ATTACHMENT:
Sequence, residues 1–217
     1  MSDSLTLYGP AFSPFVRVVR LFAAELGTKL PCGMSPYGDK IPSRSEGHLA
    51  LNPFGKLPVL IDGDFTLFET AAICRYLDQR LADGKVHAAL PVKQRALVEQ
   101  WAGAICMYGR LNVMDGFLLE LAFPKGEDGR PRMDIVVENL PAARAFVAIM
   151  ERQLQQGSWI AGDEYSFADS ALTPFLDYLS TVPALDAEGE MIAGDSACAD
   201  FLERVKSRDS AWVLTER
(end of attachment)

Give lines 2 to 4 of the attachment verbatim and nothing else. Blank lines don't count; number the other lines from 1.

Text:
     1  MSDSLTLYGP AFSPFVRVVR LFAAELGTKL PCGMSPYGDK IPSRSEGHLA
    51  LNPFGKLPVL IDGDFTLFET AAICRYLDQR LADGKVHAAL PVKQRALVEQ
   101  WAGAICMYGR LNVMDGFLLE LAFPKGEDGR PRMDIVVENL PAARAFVAIM